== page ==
'a young girl standing upright, looking forward out of the picture, and with both arms down by her side. In this power of taking the simply unconsidered attitudes of actual life and transferring them directly to the canvas without sacrifice of dignity, and even adding by this means a certain distinction of manner, Mr. Whistler may claim kinship with Velasquez.' 4
It has been suggested, probably incorrectly, that Harmony in Grey and Peach Colour was one of two portraits shown at the Grosvenor Gallery in 1877, 'Harmony in Amber and Black' and 'Arrangement in Brown' (cat. nos. 8-9), and that Harmony in Grey and Peach Colour was probably the latter. 5 The catalogue numbers for these two paintings were undoubtedly transposed; the 'Arrangement in Brown' has been identified conclusively as Arrangement in Black and Brown: The Fur Jacket [YMSM 181].
The main reason for the misidentification was a review of the exhibition by William Michael Rossetti (1829-1919), where he described one of the portraits (which he thought was the 'Arrangement in Brown' but which is now assumed to have been the 'Harmony in Amber and Black') as 'a blonde lady in white muslin with black bows, and some yellow flowers in the corner.' 6 Whistler described the picture quite differently, as 'a young lady in an amber dress with a black ground. ... These were impressions of my own. I make them my study. I suppose them to appeal to none but those who may understand the technical matter. I did not intend to sell the "Harmony in amber and black".' 7 So what to Rossetti was 'white muslin' appears to be, to Whistler, an 'amber dress', which is distinctly confusing. Whistler also stated that he had 'painted over' the 'Harmony in Amber and Black', and it was 'in a transition state.' 8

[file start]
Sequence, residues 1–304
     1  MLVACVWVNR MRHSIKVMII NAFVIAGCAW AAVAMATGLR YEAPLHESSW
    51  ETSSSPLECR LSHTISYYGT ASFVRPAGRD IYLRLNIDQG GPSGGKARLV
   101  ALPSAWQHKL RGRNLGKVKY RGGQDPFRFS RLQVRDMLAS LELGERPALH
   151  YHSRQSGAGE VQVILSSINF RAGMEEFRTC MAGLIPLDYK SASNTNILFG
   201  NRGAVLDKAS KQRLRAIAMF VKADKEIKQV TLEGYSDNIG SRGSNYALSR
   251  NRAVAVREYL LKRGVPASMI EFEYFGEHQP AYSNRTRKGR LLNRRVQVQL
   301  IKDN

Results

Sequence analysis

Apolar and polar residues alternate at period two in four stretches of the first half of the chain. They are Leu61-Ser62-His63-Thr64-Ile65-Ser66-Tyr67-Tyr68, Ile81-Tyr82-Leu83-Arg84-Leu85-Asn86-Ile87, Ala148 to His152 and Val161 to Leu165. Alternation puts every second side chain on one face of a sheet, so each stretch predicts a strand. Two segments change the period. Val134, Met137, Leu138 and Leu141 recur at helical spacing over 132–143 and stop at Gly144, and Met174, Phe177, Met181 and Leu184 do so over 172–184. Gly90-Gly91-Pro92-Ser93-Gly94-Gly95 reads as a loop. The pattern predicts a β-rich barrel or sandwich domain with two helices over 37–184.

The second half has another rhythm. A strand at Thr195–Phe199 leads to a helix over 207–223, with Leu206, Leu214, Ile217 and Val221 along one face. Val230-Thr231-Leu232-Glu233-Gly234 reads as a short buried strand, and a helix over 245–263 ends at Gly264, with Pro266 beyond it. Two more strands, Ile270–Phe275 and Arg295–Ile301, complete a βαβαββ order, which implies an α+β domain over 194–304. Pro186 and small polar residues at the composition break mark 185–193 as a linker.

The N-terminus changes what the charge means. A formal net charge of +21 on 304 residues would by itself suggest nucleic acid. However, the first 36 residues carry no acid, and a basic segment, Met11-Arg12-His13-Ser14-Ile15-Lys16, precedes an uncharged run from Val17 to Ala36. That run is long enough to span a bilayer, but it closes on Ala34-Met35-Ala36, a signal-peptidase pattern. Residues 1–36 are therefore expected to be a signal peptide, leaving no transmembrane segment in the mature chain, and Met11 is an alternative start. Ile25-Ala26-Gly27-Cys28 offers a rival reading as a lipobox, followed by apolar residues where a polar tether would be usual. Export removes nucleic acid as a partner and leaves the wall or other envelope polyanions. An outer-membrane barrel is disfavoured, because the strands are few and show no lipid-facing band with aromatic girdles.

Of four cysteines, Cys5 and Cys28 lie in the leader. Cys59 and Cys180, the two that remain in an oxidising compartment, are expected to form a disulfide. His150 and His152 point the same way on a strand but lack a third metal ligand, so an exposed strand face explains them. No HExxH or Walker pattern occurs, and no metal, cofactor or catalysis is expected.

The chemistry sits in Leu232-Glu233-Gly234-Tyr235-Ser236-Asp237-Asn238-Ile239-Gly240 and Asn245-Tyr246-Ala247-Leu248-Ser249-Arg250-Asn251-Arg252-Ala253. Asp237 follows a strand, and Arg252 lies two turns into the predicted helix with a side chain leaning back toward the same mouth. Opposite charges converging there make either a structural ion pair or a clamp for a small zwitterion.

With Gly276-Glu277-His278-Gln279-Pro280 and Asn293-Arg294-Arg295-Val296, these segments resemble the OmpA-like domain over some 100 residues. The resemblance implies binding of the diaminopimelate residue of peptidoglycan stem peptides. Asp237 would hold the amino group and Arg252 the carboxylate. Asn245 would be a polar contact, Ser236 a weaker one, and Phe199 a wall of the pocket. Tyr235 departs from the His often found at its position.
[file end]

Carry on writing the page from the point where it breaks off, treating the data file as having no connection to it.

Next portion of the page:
Rossetti's description of 'Harmony in Amber and Black', appears to match details of three paintings: Portrait of Miss Florence Leyland [YMSM 107], Harmony in Grey and Green: Miss Cicely Alexander [YMSM 129] and Harmony in Grey and Peach Colour [YMSM 131].